|Year : 2020 | Volume
| Issue : 1 | Page : 21-26
Cardiovascular diseases in Nigeria: What has happened in the past 20 years?
Samuel Obiajulu Ike1, Chuka Timothy Onyema2
1 Department of Medicine, University of Nigeria Teaching Hospital, Ituku Ozalla, Enugu, Nigeria
2 Department of Medicine, University of Nigeria Teaching Hospital, Ituku Ozalla, Enugu; Department of Internal Medicine, Alex Ekwueme Federal University Teaching Hospital, Abakaliki, Ebonyi, Nigeria
|Date of Submission||31-Dec-2019|
|Date of Decision||17-Mar-2020|
|Date of Acceptance||28-Mar-2020|
|Date of Web Publication||30-Jun-2020|
Dr. Chuka Timothy Onyema
4 Aninwede Street, Ogui New Layout, Enugu
Source of Support: None, Conflict of Interest: None
Cardiovascular diseases (CVDs) are a leading cause of death worldwide with an accelerated increase in CVD-related death in Nigeria and other low-income and middle-income countries. A review of the trend of presentation and management of CVDs in Nigeria over the past 20 years revealed a transition from high incidence of CVDs associated or resulting from poverty and malnutrition (such as rheumatic heart disease) initially to a fall in the prevalence of these poverty-related CVDs occurring subsequently at same time with a rising prevalence of other noncommunicable CVDs (such as hypertension and heart failure). Although some CVDs such as coronary heart disease and cardiomyopathies maintained a steady prevalence within the period in review, this trend was associated with changing availability of healthcare services in Nigeria, with better services and newer treatments becoming more available over time and increasing prevalence of CVD risk factors among Nigerians. Despite these, Nigeria is at a plateau now as a result of poor funding and support of the health sector. This has resulted in most health funding coming from donor agencies, religious bodies, philanthropists, and nongovernment organizations. For progress, there is a need for an increase focus in the health sector with increased funding and support from the government and all players. Increased awareness and education of the general population on the prevention and control of risk factors and training of health professionals on appropriate diagnosis and management of CVDs is advocated.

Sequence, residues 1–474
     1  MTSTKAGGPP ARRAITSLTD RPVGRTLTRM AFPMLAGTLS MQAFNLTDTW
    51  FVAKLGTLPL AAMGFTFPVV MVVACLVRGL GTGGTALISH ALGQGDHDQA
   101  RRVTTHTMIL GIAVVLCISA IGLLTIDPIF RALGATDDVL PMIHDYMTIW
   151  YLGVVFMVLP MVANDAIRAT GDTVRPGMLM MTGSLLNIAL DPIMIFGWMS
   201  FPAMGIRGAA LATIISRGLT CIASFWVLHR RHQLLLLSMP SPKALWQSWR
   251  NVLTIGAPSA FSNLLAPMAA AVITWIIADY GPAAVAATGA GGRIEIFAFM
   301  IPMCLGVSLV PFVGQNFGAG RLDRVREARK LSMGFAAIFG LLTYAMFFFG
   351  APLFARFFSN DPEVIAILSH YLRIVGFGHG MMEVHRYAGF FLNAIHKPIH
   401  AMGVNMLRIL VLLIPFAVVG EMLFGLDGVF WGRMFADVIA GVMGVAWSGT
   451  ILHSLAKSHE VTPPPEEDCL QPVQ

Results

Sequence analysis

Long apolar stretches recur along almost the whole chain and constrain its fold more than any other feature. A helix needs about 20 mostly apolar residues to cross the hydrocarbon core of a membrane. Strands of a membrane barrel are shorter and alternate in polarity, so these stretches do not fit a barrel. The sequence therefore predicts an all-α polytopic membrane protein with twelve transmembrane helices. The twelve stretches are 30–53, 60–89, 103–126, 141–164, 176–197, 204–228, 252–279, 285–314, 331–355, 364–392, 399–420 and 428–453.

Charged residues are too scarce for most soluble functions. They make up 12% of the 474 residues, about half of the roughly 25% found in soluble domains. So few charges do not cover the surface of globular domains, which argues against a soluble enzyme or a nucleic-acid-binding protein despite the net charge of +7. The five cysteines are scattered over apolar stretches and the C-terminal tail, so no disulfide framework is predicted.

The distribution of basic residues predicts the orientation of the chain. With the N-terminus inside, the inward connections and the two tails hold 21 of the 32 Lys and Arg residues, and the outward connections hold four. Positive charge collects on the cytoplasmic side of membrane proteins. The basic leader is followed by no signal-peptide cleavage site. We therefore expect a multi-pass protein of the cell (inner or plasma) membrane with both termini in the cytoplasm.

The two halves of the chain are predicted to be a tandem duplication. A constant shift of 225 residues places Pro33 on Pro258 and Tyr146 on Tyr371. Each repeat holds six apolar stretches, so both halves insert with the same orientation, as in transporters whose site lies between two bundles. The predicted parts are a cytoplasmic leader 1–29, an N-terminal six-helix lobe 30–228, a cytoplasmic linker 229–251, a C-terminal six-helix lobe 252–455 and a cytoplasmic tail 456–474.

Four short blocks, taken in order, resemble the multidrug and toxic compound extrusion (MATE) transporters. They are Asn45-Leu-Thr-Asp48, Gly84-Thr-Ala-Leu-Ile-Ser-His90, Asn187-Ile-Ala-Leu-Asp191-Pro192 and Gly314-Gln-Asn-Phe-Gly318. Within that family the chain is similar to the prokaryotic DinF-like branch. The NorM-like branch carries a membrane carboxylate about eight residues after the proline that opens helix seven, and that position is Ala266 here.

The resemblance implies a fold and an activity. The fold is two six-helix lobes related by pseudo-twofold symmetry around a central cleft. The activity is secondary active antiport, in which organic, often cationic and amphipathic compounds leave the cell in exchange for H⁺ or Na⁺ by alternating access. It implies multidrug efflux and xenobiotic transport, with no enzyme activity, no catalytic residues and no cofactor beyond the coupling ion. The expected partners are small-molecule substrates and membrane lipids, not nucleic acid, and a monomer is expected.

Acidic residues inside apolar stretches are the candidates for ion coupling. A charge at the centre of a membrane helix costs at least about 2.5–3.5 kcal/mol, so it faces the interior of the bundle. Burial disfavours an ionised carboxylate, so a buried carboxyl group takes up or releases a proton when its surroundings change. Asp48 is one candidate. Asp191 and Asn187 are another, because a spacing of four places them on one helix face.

Keywords: Cardiovascular diseases, healthcare services, heart disease, risk factors, trend
|How to cite this article:|
Ike SO, Onyema CT. Cardiovascular diseases in Nigeria: What has happened in the past 20 years?. Nig J Cardiol 2020;17:21-6
| Introduction|| |
Cardiovascular diseases (CVDs) include any disorder, abnormality, or failure to function well, relating to the heart and blood vessels or the circulation. CVDs have been found to be the leading cause of death worldwide over the past decade. In 2013, CVDs caused an estimated 17.3 million deaths and led to 330 million disability-adjusted life years lost. As with many high-income countries during the past century, low-and middle-income countries, including Nigeria, are now-especially over the past two decades-experiencing an accelerating increase in CVD.